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Quantum Technology

Quantum Technology is an emerging field of science and technology where the unique properties of quantum systems enable novel applications. Quantum systems are designed for control by classical signals to create entanglement and arbitrary superpositions or initiate measurement (projection onto a basis) at will. Applications include highly parallel computation by processing quantum information, simulation of complex quantum problems, cryptography for secure communication and sensing at or below the 'standard quantum limit' of measurement noise. Quantum technology is rapidly developing into a new branch of engineering where electrical, mechanical, optical, microwave and hybrid systems are designed to control and exploit their quantum nature.

Quantum Technology at KTH

The Quantum Technology track seeks to facilitate theoretical and practical knowledge with a focus on understanding technological applications of quantum physics. You must choose a minimum of 40 ECTS credits from core knowledge courses within the track. Two mandatory courses cover the theoretical aspects ( Advanced quantum mechanics SI2380 ) and the experimental and technological aspects ( Quantum technology SK2903 ). From this basic knowledge of quantum physics, you continue to study specific branches of quantum technology in conditionally elective courses. You can elect to take an individual project course, often working in a research group developing quantum technology, such as superconducting quantum circuits, single-photon detectors and sources, quantum biophotonics, quantum materials and condensed matter theory. The master's degree project is either theoretical or practical, and many students fabricate and measure quantum devices in the Albanova Nanolab.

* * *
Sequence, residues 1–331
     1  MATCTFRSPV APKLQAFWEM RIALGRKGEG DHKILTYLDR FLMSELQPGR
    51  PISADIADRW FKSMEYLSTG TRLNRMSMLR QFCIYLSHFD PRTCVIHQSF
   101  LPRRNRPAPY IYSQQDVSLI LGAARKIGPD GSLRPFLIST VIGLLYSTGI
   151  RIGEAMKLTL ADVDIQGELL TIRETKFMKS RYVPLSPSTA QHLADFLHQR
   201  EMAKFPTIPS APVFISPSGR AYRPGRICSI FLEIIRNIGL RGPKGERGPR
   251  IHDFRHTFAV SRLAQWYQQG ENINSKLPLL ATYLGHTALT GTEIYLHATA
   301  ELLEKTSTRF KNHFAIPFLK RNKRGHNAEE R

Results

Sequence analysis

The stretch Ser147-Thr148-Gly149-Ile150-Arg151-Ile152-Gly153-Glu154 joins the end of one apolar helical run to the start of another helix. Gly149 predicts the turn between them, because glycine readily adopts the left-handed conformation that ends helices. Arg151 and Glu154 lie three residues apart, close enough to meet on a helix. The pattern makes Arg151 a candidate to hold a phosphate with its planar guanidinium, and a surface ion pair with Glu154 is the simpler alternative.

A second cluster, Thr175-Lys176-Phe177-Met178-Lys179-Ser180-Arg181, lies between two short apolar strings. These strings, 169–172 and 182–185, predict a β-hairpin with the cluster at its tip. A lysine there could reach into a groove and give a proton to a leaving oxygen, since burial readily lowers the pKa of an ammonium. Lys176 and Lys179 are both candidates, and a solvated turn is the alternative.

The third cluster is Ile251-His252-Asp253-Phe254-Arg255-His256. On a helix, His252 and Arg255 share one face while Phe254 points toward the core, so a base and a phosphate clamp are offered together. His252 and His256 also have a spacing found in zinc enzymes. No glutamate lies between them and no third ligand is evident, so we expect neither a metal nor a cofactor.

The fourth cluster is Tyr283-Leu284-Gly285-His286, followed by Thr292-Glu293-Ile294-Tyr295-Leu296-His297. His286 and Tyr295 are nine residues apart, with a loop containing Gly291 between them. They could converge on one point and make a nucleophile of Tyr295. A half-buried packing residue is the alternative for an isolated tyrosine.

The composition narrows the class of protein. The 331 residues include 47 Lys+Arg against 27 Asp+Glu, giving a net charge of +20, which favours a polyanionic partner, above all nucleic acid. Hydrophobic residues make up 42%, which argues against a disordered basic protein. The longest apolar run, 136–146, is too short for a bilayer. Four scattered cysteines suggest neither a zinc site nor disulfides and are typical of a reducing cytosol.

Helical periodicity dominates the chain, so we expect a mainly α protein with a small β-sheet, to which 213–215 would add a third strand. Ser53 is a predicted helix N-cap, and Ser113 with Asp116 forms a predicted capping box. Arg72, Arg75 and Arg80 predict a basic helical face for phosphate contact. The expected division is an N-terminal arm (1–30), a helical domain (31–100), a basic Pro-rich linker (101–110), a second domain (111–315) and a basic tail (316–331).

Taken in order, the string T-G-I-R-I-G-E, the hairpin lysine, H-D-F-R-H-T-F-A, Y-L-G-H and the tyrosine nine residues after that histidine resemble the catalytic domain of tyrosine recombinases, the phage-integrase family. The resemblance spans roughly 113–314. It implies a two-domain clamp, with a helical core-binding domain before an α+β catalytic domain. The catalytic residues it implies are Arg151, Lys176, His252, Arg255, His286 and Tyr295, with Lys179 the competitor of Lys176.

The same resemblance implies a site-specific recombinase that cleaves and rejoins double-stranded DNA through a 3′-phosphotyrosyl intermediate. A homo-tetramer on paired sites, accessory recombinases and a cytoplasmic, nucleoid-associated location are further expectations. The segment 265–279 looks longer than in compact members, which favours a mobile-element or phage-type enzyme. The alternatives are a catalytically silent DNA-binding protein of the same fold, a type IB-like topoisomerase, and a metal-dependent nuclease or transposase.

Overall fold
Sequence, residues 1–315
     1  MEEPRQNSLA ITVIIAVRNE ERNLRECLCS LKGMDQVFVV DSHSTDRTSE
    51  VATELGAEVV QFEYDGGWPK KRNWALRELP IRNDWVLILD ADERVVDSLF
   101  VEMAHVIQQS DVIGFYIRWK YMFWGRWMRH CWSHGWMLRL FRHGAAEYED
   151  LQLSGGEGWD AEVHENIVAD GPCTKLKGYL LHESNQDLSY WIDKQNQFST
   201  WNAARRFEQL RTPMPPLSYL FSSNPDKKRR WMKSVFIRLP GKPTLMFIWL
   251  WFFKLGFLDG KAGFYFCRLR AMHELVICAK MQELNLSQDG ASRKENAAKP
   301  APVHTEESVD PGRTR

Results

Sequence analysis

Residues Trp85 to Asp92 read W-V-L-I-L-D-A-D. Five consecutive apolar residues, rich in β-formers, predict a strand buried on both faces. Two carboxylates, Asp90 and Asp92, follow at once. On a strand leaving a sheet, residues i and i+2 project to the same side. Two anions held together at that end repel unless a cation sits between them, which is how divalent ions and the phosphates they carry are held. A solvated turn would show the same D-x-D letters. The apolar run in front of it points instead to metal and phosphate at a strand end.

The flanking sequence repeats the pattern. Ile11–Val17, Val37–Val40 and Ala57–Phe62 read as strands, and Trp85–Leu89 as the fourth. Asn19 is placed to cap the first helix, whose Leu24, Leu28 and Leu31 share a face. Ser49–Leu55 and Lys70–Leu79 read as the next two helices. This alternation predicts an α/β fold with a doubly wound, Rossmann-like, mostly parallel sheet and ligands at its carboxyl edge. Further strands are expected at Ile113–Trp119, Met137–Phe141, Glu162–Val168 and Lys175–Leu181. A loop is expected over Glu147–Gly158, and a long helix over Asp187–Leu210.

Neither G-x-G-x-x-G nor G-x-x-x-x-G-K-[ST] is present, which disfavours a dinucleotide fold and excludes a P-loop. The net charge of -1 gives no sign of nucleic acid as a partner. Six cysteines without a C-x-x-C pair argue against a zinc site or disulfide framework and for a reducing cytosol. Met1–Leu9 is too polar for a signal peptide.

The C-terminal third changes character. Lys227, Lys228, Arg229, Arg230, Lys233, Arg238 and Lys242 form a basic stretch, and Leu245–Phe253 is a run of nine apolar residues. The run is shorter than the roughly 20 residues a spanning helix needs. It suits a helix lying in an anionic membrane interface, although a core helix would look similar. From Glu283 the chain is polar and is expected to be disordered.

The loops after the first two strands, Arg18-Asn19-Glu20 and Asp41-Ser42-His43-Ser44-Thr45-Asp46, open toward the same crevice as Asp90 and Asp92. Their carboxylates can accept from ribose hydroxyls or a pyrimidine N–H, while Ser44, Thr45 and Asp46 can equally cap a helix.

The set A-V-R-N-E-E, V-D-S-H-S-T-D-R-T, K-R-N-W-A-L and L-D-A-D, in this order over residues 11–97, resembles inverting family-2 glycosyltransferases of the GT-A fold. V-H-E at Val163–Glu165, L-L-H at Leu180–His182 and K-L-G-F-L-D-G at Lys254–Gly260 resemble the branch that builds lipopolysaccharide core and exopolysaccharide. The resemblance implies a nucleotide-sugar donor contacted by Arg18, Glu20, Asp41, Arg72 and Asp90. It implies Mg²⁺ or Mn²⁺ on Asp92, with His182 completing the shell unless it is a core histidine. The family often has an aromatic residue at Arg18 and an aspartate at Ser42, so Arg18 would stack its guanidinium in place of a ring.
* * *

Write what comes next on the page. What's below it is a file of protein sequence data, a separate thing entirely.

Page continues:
Topics covered

Quantum mechanics, entanglement, superposition, decoherence in open quantum systems, quantum information, quantum limited sensing, quantum non-destructive measurements, quantum communication, macroscopic quantum systems, quantum optics, quantum microwaves, quantum materials.


After completing your master's degree on the Quantum Technology track, there are opportunities for a career in the rapidly growing sector of quantum technology start-up companies or in established high-technology industry. The track provides a solid foundation for further studies leading to a PhD degree. You can also complement your studies with training in entrepreneurship. Graduates from this track will participate in shaping an entirely new technology, which use we cannot completely foresee today.

Graduate interview

Daniele Lopriore

Daniele Lopriore
(Quantum Technology track)
Max Planck Institute for Quantum Optics